More important still, you should teach your children how to behave properly, what is right and wrong, how to respect and treat others in a good, loving and honest way.  Of course, your personal good behaviour in your own home, as well as how you relate to others in the community, is a very important lesson for your children to follow.  Your students and their parents benefit from your good example too.  Your good Christian behaviour will also be a good example for everyone in your local community.

Correct your children when they do wrong things but do not lose your temper and discipline them with angry words and violent actions.  If you correct your own children and your students in school in a patient and sensible way, without resorting to cursing, insults and violence, you will be a great model in the community where there is so much violence, harsh behaviour and angry insulting language, which only makes things worse.

Remember this and think about it, your children, even those two, three, four and five years old, are learning how to behave by seeing how you act in the different things that happen every day in the family and the community.  Children learn how to love one another from their loving parents who have created a loving, peaceful and happy Christian family environment.  They learn honesty from honest parents.  They learn respect for other by seeing this value put into practice by their parents.  The boys learn respect for their sisters and other girls by seeing the respect and love the father and husband has for his wife and mother of the family.  Of course, bad example is as powerful as good example when it comes to what children learn from adults.  Too many children go down the wrong path because they follow the example of adults who are behaving badly.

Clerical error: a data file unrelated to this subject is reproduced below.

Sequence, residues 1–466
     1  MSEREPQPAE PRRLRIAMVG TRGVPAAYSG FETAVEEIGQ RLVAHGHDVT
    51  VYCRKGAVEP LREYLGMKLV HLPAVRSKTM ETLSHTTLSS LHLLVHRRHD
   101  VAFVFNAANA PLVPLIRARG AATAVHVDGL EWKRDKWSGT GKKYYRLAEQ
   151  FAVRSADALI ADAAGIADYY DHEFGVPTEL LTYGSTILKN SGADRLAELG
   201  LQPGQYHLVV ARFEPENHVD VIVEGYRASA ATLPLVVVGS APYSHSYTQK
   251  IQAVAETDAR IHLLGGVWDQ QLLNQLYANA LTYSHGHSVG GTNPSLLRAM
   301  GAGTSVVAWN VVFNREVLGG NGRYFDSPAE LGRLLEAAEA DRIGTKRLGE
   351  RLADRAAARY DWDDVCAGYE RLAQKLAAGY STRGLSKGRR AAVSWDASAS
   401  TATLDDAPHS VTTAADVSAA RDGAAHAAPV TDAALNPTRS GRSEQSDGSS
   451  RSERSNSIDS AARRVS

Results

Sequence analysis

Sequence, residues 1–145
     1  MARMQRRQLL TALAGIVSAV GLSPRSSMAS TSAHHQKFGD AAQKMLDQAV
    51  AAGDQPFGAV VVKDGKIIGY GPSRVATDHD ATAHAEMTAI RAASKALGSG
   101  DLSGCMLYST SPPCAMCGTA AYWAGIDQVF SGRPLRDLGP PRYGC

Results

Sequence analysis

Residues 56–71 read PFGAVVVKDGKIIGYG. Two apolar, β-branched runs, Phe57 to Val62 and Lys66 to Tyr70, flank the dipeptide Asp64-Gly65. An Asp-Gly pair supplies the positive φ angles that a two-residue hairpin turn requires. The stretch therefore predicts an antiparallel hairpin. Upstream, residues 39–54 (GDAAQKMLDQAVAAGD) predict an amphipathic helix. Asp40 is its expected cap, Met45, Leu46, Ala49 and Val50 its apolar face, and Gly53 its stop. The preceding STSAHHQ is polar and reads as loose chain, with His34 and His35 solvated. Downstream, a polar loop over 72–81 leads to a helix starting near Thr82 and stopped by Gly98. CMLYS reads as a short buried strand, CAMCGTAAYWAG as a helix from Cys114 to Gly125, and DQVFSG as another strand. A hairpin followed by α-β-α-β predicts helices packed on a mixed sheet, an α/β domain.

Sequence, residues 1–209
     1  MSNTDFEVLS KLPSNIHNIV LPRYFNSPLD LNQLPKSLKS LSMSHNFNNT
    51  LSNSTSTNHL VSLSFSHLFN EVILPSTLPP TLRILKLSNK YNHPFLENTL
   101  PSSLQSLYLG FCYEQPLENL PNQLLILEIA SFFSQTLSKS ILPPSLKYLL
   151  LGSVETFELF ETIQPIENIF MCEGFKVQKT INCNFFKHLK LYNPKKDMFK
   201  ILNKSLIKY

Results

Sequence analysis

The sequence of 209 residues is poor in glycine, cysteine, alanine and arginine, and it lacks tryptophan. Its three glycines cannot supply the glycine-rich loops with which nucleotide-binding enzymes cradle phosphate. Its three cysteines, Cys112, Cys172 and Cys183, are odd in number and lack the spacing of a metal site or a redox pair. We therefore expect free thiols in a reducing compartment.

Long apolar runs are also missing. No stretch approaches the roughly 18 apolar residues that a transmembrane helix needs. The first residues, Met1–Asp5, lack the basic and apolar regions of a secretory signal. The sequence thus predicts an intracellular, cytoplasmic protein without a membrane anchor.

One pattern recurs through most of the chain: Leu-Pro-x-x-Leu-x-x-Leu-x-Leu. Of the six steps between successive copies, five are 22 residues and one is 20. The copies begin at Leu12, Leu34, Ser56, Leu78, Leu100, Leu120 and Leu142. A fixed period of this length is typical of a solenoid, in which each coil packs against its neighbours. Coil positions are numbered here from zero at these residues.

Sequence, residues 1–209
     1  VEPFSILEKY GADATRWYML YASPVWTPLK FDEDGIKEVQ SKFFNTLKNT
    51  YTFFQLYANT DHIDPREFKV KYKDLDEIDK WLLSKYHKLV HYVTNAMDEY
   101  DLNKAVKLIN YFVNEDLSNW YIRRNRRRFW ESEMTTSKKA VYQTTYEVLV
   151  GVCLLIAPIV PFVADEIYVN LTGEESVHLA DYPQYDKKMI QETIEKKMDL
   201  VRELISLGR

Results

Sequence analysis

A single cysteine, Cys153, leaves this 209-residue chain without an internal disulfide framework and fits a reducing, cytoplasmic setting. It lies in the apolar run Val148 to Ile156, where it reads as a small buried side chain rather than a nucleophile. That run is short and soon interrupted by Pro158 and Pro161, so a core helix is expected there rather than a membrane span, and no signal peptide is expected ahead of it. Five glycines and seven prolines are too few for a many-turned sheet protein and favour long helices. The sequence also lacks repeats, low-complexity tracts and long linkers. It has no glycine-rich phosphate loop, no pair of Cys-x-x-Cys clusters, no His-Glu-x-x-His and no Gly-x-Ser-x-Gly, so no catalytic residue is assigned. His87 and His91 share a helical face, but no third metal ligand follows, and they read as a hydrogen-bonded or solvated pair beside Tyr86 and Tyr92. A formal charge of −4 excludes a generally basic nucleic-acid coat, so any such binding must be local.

Most important of all is the spiritual development of children.  From a very early age, begin to teach your children about God, the Ten Commandments, the stories of the Bible, the Old and New Testaments.  Teach them about Jesus Christ and the Good News he came to proclaim to all people of every age, about his death and Resurrection.  Teach them about the Holy Spirit.  Instruct them about the Mass and Holy Communion.  Teach them about what is said in the Nicene Creed, which we pray together every Sunday at Mass.  Teach them about the Seven Sacraments.  Tell them about the Blessed Mother Mary and the saints.  Teach them how to pray.  Make sure you have family prayer in your home. Take your children with you to Mass every Sunday and have them sit beside you in the church.  Do all these things in your family and be a good example for your students and the parents of the children you teach in school too.  You are very careful to provide enough food for your own children to eat, clothing to wear, a good house to live in.  You care for them when they get sick.  You work very hard to make sure they have all their physical needs.  You often make big sacrifices to do this.  Be willing to work hard and make sacrifices so that your children have everything they need to grow spiritually too.  Be a good and active member of the church where you worship.